Re: Proposal: an addition to glib for getting the absolute path of the current binary.

* Mike Hearn <mike navi cx> [2004-04-12 19:54:00 +0100]:

> And if they wish to install to a non-standard prefix there will be no
> binary packages available to them, so they must compile their own. 
Or let request the buildfarm to generate the missing package. 
Perhaps throwing some symlinks will also help.

> > Fetching the data location from the binary location is in general a 
> > very bad idea.
> I disagree. I think it's an excellent idea, and the amount of prior art
> for it would seem to back me up here. 
Whats speaks against respecting FHS ? 

Or why not using the environment ? 
Many, many applications can read their config or data location from 
environment variables, i.e. mutt, procmail, postgresql, ...

> While configure scripts can be used to alter the places where various types 
> of files are installed to, data is almost always predictably relative to 
> binaries. 
Ah ?
where's the relation between pathes given by --bindir, --libdir, --sysconfdir
and --localstatedir ?

> The API can be designed to accommodate the cases where for some reason 
> the admin/packager chose to break that assumption.
cant the API be just getenv() ?

> > Yes, some windows applications tend to install themselves
> > under some directy, which the user has to type in before installation,
> > and also stores user-data under this directory. But this is principle
> > mis-design and should not be supported by toolkits like glib.
> If you're going to make assertions like that, I'd expect you to back them
> up. You haven't bothered explaining the ability to run from any path is
> "mis-design" though.
No, running the binary from somewhere is now problem, but expecting the
data being somewhere else than defined by the configure options (defaulting
to FHS) or under the homedir, but instead somewhere relative to the
binary is a problem for me. Perhaps you decide to move some binaries to 
a different directory and throw some symlinks (i.e. for splitting to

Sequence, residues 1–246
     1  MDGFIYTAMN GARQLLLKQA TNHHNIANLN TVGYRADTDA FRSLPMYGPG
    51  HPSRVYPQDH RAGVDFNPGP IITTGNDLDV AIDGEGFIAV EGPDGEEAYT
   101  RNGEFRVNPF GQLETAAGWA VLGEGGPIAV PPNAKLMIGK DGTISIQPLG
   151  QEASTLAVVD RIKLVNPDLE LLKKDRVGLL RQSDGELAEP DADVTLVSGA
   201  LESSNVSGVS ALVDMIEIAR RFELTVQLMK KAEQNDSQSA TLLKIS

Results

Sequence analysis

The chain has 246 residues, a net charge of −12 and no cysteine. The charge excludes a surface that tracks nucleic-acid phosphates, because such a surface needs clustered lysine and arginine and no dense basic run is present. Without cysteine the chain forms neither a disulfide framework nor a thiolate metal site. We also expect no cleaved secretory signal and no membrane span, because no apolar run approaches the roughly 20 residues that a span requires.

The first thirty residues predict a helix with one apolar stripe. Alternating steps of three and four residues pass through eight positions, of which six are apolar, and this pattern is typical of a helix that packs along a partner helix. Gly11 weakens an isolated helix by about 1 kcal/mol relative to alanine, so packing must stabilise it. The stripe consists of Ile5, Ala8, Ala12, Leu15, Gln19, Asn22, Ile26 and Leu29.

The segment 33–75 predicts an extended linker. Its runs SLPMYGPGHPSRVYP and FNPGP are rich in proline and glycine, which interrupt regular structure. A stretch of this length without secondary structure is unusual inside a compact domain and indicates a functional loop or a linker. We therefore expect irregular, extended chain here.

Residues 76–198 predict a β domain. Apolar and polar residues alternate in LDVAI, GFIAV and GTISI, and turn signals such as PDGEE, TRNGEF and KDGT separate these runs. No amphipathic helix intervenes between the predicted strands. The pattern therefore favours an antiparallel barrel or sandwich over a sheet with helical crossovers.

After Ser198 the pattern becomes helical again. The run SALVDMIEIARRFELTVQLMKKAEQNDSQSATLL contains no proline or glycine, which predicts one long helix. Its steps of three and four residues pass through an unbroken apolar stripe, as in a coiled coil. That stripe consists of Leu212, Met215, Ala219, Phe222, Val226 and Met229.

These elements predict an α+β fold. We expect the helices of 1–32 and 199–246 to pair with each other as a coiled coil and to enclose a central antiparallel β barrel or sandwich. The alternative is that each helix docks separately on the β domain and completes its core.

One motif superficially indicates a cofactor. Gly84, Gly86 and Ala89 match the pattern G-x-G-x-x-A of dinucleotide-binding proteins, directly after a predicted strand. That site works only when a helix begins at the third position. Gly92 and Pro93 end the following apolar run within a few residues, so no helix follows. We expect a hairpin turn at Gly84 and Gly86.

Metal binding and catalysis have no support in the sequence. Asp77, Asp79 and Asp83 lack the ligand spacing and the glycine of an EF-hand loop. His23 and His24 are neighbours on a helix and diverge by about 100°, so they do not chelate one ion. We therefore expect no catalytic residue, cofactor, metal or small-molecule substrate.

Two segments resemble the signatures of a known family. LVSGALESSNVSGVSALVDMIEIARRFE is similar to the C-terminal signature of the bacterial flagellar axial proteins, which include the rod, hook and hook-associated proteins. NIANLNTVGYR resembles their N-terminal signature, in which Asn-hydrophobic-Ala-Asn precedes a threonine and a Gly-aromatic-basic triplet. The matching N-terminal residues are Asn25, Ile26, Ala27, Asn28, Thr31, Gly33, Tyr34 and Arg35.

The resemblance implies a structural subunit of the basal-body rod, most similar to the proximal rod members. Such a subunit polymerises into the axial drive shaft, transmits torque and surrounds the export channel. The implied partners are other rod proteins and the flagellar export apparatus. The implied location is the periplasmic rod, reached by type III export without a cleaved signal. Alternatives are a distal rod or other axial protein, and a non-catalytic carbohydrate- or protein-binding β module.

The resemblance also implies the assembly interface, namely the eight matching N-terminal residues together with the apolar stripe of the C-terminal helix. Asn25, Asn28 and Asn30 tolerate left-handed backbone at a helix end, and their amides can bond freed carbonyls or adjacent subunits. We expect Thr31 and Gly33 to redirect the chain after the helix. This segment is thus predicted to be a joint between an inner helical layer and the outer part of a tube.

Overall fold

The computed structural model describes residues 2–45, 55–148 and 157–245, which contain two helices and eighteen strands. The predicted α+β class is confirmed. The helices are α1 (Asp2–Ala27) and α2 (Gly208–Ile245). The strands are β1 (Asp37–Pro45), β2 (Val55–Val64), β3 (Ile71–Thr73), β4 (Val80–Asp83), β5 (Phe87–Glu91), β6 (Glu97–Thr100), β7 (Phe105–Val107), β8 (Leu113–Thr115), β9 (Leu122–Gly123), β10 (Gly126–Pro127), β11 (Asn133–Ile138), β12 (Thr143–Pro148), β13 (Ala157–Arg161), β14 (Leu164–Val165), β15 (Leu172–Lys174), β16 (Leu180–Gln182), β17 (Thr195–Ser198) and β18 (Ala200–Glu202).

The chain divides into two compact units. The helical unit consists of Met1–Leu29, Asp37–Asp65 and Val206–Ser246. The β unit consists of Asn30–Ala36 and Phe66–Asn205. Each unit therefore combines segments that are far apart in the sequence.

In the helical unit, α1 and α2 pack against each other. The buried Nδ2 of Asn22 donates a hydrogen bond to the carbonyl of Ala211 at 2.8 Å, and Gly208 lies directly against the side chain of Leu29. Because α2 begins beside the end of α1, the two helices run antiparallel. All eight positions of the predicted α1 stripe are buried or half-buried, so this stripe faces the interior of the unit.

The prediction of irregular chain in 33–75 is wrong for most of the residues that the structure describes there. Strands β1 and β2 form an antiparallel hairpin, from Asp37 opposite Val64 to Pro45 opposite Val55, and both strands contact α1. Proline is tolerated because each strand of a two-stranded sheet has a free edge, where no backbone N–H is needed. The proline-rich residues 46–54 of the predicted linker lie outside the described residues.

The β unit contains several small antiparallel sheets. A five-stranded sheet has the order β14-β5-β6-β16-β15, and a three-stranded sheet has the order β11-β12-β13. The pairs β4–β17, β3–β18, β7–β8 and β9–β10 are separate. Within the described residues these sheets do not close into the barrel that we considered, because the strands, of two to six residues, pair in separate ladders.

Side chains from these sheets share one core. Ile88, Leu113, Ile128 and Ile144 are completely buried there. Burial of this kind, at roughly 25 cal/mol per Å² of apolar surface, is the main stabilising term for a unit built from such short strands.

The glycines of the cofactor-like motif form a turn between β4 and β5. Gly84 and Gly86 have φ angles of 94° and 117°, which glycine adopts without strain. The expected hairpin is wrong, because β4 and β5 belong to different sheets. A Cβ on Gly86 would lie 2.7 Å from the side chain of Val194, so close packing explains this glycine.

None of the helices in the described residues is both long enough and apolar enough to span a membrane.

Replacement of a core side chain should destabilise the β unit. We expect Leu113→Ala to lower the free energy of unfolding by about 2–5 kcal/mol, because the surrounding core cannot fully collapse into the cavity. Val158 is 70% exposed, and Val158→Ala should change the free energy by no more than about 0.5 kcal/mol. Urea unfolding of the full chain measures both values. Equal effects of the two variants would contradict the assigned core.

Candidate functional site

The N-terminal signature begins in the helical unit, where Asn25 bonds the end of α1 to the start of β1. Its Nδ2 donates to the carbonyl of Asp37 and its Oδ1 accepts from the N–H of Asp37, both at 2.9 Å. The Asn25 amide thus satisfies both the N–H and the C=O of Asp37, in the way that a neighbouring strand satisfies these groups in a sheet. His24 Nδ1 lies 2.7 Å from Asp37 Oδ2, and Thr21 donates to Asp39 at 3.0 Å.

multiple partions or even network installs), then you'll ride into trouble.

> But anyway, regardless of whether it's mis-design or not, it's standard
> practice on Windows, and it's not the place of glib to try and force the
> UNIX FHS on Windows users.
Why not ?
BTW: it doesnt necessarily need to be FHS, but something similar, which 
splits the directory tree into several semantic parts.
(along those borders which are defined by --sysconfdir & friends)

> Now if you have some *specific* objects to this proposal, I'd like to hear
> them. Arguing about package management techniques or the design of Windows
> is not productive however.
Feeding up glib with dozens of hacks which only make sense on some 
dying platform is also not productive, since the more glib gets inflated, 
the more people will run away from it.

Perhaps a separate library can provide these features, perhaps this can
also do some more general path/location handling stuff, but glib itself
should not grow anymore, if not really really necessary.

 Enrico Weigelt    ==   metux IT services

  phone:     +49 36207 519931         www:
  fax:       +49 36207 519932         email:     contact metux de
  cellphone: +49 174 7066481
   -- DSL-Zugang ab 0 Euro. -- statische IP -- UUCP -- Hosting --

[Date Prev][Date Next]   [Thread Prev][Thread Next]   [Thread Index] [Date Index] [Author Index]